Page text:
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Pressure in George Orwell’s “Shooting the Elephant”

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Cruelty from one party spreads it to others where there are no alternatives left. Such was the case demonstrated in George Orwell’s “Shooting an Elephant,” where the main topic of discussion is the author’s inner conflict of serving the British Empire, which he despised with all of his heart. The incident described in the story is an outstanding illustration of social pressure where the lack of conscience from the Burmese side and imperial imagery of superiority forced Orwell to act as he thought he should even if it meant going against his own beliefs and values. In the given case, Burmese cruelty manifested in the fact that they lacked any sort of compassion and saw the scene as entertainment and food source. British cruelty is expressed in enforced imagery of White man, who acts like a pretentious puppet even though he is despotic to others. Orwell’s cruelty is represented as an act of killing an elephant despite knowing that it was unnecessary. Therefore, imperialism’s tyrannical nature normalizes the evil actions of its colonies, where its representatives need to adhere to this standard.

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It is important to note that although Burmese did not shoot an elephant, their cruel attitude towards the situation was one of the primary contributors to shifting Orwell’s decision to kill the animal. The author recalls that the crowd of Burmese people was excited as one would be for a person to perform a magic trick (Orwell 1257). Local people’s perception of the killing of the majestic creature as a source of entertainment heavily influenced Orwell’s decision-making process. It is safe to say that even the slightest concern and compassion of the Burmese crowd would have changed the overall outcome. Although it is also critical to note that it was Orwell who pulled the trigger and not the crowd, which means that they cannot be held responsible for the death of an elephant.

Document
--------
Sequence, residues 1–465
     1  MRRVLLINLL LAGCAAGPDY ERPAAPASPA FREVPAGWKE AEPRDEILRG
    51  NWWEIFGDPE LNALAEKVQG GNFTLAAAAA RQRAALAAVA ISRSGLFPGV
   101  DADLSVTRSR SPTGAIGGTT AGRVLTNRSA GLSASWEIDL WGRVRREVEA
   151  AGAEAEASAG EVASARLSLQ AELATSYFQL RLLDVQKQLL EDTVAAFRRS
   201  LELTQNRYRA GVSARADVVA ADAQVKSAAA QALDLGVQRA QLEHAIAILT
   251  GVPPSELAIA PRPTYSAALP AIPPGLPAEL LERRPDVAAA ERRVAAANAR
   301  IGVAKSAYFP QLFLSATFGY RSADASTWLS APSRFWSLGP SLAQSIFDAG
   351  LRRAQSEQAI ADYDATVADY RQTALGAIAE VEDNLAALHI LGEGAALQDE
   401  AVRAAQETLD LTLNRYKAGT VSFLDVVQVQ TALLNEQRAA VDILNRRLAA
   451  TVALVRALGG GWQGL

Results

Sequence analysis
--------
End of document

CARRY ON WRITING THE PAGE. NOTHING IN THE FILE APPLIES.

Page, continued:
The British Empire was a highly despotic and tyrannical regime where colonies were only used as a resource. The author states that he despises the nation he serves and protects, and he is stuck between the hatreds of the Empire and local people (Orwell 1254). In the case of shooting an elephant, there was no explicit cruelty regarding the case from the British Empire side. However, its influence is big and subtle, because the nation’s imposed imagery of a White man’s superiority was at the core of the incident. Its massive influence of cruelty was manifested in the fact that the British Empire’s despotic approach towards its colonies normalized tyranny. The overall outcome is that both people serving the Empire and colonies of its imperial regime were suffering from its influence.

The most explicit form of cruelty comes from the author’s action of shooting an elephant. It is important to understand that Orwell himself admits that he had no desire to kill the elephant, and he perfectly knew that such action was unnecessary (Orwell 1257). However, the imposed imagery of a White man that both the British Empire and local people wanted to see primarily contributed to the overall outcome. Nonetheless, Orwell was not actively forced to pull the trigger, since the given decision is solely on him alone. He had a choice of walking away or waiting for a mahout, and he fell into a trap of adhering to the social pressure from the crowd. Therefore, the main source of cruelty in the story is Orwell himself.

Work Cited

Orwell, George. “Shooting an Elephant.” Web.

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